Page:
Calmer approach to tackling crime
Cllr David Durant, Crime & Disorder committee, writes:
So Alan Cauvain thinks it's tough on crime to support the deployment of armed police with machine guns to deal with children stealing from children in the high street and by implication is also happy to see armed police patrolling school playgrounds.
At least he is prepared to put his name to such nonsense and defend this alien form of policing being promoted by successive governments, unlike the two unnamed letter writers who think claiming someone is a terrorist is enough to allow the authorities to throw away the rule book and do as they please, allegedly to keep us safe!
The fact is an effective police force is one that operates with consent as this ensures the public provide them with all the information they need to tackle crime, whereas armed police act differently and become distance from the public and mistrusted, particularly if armed police with machine guns kill innocent people, by mistake! When people close to you are victims of gung-ho tactics you realise the benefits of a calm approach to crime, rather than "shoot now, ask questions later" which undermines public safety!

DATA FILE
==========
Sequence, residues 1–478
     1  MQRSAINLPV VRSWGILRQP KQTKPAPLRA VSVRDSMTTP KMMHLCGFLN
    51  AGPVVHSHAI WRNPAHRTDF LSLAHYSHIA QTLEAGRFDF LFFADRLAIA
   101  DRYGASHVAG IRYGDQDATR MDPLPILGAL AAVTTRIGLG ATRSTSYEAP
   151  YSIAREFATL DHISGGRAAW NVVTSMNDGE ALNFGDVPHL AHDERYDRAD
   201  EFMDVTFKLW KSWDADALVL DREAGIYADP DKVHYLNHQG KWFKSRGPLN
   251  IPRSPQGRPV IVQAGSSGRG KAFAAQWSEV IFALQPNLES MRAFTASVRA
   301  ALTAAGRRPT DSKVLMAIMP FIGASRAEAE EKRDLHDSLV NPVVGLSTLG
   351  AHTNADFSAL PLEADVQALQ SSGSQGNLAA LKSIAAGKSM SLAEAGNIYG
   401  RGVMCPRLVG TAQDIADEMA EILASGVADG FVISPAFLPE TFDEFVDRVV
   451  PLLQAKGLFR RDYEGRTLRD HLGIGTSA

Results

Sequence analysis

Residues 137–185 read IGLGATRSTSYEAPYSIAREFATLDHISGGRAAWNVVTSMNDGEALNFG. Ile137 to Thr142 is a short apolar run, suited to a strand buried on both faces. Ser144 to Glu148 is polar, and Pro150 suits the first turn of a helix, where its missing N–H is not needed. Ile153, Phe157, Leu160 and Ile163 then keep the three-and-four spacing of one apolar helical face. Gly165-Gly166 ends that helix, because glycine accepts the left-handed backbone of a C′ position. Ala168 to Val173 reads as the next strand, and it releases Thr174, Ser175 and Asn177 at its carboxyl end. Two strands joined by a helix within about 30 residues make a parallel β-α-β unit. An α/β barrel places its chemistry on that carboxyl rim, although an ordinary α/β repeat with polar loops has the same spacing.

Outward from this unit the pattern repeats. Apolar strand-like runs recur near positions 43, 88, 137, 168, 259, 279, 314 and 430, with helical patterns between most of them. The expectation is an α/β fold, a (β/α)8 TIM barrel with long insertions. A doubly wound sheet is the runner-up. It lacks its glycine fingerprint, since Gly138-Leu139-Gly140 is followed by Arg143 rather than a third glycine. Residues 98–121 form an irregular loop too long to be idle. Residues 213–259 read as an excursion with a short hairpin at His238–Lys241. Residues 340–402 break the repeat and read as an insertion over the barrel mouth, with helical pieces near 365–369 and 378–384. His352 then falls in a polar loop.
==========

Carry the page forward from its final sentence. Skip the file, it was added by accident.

Do others have parking concerns?
A Romford resident, full address supplied, writes:
I wonder if anybody else has had the same experiences as me with regards to parking tickets in car parks across the borough.
The following have happened to me so many times:
1) Going into a car park (normally a fairly large one) only to find after much searching that, for example, three out of the four machines are out of order, and what a surprise the furthest machine away from the entrance is working. Most people, and with respect, particularly with elderly and less abled body people, probably gave up after trying two or three machines and assumed they were all out, and end up not paying and later receive a fine.